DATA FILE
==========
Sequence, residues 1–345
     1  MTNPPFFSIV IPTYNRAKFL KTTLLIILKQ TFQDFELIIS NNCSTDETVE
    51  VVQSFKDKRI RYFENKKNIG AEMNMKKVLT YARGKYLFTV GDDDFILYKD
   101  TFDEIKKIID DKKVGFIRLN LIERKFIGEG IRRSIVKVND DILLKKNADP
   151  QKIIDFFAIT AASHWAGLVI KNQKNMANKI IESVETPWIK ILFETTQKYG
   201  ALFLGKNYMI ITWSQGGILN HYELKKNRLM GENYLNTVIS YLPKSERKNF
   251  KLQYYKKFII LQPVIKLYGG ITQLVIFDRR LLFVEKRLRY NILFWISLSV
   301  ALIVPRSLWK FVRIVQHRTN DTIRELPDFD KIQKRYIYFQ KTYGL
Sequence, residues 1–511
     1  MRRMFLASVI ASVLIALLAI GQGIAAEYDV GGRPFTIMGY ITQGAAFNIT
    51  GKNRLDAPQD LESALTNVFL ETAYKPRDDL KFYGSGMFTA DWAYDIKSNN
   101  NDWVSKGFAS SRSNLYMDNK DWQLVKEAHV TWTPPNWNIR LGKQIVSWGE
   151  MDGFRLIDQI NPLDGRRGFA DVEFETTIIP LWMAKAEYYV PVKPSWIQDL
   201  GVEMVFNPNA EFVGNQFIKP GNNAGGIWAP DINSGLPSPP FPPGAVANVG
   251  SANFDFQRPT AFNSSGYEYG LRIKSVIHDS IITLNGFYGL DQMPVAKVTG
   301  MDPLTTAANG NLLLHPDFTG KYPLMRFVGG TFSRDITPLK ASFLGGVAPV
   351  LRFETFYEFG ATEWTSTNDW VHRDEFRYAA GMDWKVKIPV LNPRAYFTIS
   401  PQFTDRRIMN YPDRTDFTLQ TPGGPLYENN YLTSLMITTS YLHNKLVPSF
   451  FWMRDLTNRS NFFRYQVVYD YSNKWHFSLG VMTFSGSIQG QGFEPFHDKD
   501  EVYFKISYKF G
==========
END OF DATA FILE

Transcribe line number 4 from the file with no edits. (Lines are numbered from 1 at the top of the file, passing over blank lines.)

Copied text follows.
   101  TFDEIKKIID DKKVGFIRLN LIERKFIGEG IRRSIVKVND DILLKKNADP